FIG. 5D is an enlaged microscopic examination of the blood 44c and as illustrated the blood contains red corpuscles 46c, white corpuscles 47c and platelets 48c, the latter play an important role in the natural clotting of blood by producing fibrin when exposed to air. This natural clotting ability of blood is relied upon at least in part with respect to the formation of the closures illustrated in FIGS. 6, 6A, 7 and 7A.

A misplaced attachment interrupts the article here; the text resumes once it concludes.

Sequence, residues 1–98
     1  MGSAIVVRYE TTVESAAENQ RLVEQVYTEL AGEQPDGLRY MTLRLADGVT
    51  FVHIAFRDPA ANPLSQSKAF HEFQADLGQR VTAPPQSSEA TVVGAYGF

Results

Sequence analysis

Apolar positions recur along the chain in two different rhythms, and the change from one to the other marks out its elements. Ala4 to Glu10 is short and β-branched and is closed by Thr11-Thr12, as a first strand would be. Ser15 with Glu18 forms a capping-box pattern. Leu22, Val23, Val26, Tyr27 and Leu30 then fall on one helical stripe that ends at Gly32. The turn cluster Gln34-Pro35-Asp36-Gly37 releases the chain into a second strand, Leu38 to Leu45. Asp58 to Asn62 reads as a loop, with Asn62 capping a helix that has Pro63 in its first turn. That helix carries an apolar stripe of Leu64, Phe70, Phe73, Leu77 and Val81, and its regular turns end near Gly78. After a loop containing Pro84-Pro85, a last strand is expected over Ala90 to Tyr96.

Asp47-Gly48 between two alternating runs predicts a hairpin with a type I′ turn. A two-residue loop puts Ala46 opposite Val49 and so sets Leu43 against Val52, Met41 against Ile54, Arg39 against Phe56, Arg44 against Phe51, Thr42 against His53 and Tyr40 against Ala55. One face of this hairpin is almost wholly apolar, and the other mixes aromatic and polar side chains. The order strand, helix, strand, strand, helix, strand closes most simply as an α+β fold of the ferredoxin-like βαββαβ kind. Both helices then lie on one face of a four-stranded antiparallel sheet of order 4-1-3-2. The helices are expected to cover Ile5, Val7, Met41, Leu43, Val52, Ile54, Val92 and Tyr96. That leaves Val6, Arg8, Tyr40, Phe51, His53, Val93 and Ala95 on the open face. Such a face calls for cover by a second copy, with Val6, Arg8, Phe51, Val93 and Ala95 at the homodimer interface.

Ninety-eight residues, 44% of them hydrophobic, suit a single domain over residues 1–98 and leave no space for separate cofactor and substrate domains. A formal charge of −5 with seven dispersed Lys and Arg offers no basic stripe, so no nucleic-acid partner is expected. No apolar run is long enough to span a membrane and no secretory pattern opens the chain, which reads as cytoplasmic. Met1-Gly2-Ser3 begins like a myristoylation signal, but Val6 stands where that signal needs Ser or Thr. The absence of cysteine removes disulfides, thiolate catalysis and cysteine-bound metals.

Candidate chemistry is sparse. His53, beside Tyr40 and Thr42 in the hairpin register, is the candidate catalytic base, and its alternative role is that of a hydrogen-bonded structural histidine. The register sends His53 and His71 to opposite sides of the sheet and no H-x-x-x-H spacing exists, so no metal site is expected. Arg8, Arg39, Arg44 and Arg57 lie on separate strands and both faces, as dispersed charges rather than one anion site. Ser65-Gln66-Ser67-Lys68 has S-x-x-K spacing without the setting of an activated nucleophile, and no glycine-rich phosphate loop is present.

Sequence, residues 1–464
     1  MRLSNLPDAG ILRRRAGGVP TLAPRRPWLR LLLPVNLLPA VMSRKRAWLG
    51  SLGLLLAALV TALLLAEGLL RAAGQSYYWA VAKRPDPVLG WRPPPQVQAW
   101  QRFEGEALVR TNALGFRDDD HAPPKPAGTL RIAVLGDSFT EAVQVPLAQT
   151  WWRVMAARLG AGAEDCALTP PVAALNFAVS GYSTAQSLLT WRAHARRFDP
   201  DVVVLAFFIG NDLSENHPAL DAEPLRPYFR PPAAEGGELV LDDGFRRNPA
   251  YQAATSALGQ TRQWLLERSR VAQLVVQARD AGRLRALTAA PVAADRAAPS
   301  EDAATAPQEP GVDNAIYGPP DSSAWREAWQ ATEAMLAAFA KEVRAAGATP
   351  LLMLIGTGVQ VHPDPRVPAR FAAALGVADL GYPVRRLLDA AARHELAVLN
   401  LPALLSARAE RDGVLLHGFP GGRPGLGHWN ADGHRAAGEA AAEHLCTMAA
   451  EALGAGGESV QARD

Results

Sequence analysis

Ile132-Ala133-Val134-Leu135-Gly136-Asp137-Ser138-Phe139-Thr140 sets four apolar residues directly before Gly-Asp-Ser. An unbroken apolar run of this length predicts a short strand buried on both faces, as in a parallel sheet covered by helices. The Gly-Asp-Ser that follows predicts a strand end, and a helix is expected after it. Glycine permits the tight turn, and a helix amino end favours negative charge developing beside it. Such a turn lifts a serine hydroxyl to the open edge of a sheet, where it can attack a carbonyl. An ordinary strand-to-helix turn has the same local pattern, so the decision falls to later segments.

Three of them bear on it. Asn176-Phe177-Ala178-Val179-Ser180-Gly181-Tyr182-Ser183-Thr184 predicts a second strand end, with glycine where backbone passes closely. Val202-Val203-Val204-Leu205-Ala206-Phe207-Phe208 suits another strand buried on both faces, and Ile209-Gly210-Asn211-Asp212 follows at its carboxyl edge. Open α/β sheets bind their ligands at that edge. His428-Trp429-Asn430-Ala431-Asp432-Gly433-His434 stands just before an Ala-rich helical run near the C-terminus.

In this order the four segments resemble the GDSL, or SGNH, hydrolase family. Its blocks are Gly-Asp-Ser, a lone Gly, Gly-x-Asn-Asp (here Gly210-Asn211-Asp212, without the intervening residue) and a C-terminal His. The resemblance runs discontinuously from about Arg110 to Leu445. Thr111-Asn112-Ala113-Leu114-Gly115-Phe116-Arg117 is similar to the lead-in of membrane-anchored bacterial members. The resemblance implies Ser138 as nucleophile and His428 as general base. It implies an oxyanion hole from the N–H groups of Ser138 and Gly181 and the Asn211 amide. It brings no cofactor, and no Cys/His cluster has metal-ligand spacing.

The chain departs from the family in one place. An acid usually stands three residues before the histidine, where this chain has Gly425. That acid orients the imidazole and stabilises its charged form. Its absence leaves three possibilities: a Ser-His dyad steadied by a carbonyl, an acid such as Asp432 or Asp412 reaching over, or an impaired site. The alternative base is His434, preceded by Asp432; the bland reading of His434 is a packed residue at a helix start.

FIGS. 6 and 6A illustrate the formation of the closure which is substantially formed by clotting of the blood at the terminal position. The working surface 16d is placed in engagement with the layers of wall 42d and 43d of the blood vessel 3011, which is of a size in the capillary range, with the blood 44d contained therein. The tool member 13d preferably has a textured surface to permit air and most importantly oxygen to be delivered past the layer of skin 26d to the terminal portion 33d of the blood vessel to obtain a clotting action. The tool member 16d acts as an ultrasonic pump and stimulates the flow of air to the work site. As the air reaches the work site we have the additional action of the conversion of the ultrasonic mechanical vibrations to obtain a localized heating by the conversion of the frictional motion into heat and the localized heating expediates the formation of the blood clot 50d which forms the closure 40d. Since the blood vessel is relatively small in diameter we have the formation of the closure 40d that is substantially formed by a clotting of the blood 44d therein. As seen in FIG. 6A the tool member is then removed leaving the opening of wound 45d and closures 40d formed on each respective end of the severed blood vessels.